Since I’ve discussed the doctor and referenced the monster, that is where I’ll go next. Petro is portrayed by Glenn Strange who has a lot of credits. He is an imposing figure so it didn’t shock me to see that he was in things as Frankenstein’s Monster with Universal. He is given a bit more to play with and I think it works. He plays a large, but simple-minded guy. He means well in what he does. He is also a tragic figure. The doctor is making him into the monster. There is a great scene where it shows his face when he realizes something he did in that other form. I thought that was great from him. The only other thing here is that we are getting a forced Dr. Jekyll and Mr. Hyde as well. Petro changes without the injections. I do think we are getting a bit of commentary on the monster inside of man, but it isn’t as effective there since it isn’t Petro’s choice originally.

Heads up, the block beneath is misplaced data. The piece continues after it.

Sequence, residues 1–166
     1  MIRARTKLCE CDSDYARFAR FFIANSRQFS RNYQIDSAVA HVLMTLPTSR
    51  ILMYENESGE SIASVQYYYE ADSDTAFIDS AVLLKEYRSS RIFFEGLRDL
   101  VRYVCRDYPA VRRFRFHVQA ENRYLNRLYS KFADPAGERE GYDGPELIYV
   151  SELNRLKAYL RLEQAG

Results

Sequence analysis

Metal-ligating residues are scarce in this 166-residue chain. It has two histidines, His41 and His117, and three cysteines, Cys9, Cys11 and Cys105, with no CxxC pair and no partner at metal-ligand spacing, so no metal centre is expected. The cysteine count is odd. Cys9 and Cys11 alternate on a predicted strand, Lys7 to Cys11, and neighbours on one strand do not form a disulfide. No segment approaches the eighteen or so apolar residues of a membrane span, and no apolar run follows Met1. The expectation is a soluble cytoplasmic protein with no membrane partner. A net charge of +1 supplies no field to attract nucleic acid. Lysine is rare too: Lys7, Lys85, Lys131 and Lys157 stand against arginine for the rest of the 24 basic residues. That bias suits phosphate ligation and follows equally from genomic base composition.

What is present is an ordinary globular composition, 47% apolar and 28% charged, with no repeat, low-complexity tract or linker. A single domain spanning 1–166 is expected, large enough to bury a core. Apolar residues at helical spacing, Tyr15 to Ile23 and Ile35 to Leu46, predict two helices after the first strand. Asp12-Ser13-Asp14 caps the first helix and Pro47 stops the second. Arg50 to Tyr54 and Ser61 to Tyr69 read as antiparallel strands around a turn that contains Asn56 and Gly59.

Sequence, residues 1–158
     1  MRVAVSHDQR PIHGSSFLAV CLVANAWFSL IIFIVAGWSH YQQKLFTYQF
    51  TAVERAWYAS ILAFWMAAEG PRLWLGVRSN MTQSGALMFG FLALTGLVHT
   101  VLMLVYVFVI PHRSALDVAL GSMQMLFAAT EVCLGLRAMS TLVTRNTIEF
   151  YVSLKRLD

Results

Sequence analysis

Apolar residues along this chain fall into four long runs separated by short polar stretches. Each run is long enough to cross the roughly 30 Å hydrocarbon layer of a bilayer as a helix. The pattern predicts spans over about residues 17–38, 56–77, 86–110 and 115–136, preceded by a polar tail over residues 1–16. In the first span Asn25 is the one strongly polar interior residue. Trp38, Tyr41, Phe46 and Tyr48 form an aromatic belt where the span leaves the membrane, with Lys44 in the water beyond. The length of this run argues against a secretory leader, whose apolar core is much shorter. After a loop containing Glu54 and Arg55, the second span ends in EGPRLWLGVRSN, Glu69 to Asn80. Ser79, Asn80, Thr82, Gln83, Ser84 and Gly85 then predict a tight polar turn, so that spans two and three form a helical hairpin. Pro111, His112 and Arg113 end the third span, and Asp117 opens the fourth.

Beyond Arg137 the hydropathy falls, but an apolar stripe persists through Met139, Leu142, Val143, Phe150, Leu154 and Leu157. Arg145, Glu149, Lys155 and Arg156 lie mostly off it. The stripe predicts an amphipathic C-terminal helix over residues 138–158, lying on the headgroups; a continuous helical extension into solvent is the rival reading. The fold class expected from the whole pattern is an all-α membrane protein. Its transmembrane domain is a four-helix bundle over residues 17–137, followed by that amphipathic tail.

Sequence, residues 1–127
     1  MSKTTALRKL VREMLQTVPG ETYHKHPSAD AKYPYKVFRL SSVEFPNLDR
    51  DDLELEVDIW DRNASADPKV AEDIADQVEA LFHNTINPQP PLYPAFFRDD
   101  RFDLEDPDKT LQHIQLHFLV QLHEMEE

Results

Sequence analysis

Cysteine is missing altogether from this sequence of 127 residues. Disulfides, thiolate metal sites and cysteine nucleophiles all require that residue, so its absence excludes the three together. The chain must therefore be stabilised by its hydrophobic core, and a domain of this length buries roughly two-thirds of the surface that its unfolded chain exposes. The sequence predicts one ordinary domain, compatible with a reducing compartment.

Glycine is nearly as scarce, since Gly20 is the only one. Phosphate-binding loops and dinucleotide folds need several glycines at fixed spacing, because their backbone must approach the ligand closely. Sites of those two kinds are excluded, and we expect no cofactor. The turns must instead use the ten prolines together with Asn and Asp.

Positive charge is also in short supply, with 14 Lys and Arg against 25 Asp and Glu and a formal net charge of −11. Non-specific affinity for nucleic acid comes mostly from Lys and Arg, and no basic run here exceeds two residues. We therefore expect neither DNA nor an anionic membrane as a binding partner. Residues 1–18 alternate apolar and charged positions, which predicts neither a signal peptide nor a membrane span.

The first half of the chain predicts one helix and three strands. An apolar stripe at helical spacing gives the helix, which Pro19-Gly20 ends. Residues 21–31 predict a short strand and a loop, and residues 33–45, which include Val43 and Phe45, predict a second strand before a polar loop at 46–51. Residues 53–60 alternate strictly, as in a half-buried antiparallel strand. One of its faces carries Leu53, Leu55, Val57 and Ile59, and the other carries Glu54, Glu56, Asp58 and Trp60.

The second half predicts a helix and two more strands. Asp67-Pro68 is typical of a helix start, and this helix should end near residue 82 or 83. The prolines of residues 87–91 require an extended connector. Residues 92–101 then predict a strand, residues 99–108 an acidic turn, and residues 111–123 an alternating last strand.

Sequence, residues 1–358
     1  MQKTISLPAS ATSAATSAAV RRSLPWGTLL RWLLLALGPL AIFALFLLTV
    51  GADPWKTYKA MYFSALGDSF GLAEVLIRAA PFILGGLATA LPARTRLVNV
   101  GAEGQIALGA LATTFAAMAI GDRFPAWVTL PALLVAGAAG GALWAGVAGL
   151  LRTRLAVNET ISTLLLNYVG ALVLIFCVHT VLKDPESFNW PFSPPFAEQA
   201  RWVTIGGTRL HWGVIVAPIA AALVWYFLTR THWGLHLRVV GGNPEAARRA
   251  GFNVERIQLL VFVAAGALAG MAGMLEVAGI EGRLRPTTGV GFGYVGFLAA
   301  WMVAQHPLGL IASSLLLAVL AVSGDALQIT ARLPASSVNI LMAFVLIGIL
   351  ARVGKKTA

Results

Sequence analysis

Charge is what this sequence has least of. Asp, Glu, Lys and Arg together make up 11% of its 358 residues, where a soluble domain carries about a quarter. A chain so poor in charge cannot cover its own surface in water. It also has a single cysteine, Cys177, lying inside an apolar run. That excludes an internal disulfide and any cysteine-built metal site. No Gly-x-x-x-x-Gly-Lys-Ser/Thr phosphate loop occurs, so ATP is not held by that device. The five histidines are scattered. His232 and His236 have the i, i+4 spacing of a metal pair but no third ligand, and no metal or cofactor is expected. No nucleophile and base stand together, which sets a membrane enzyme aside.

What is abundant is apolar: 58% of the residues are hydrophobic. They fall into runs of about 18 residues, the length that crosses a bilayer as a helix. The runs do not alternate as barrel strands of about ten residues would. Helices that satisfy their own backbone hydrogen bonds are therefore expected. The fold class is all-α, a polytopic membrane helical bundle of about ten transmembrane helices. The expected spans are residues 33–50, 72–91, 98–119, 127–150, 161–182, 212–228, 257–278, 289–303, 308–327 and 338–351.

Then the only other part of the story would be with Tom and the other doctors. For the former, I like that he’s built into the narrative. He’s there to write a sensational article if possible. I do think we are getting commentary here about how tragedy sells. Someone calls him out for that. Tom is turned on to this by the death of the child. The other part comes with Professor Fitzgerald (Gordon De Main), Professor Warwick (Reginald Barlow) and Professor Blaine. They don’t believe that Dr. Cameron can do what he claims. It mostly because it is science fiction. There also seems to be a bit of tampering with things that you shouldn’t. That slides back into being a Frankenstein narrative. What is troubling from what I heard was that he wants to make soldiers are that vicious and stronger than normal. I can be slightly forgiving since it would be around World War II and we were afraid of the Axis powers. It is troubling to me as well as horrific.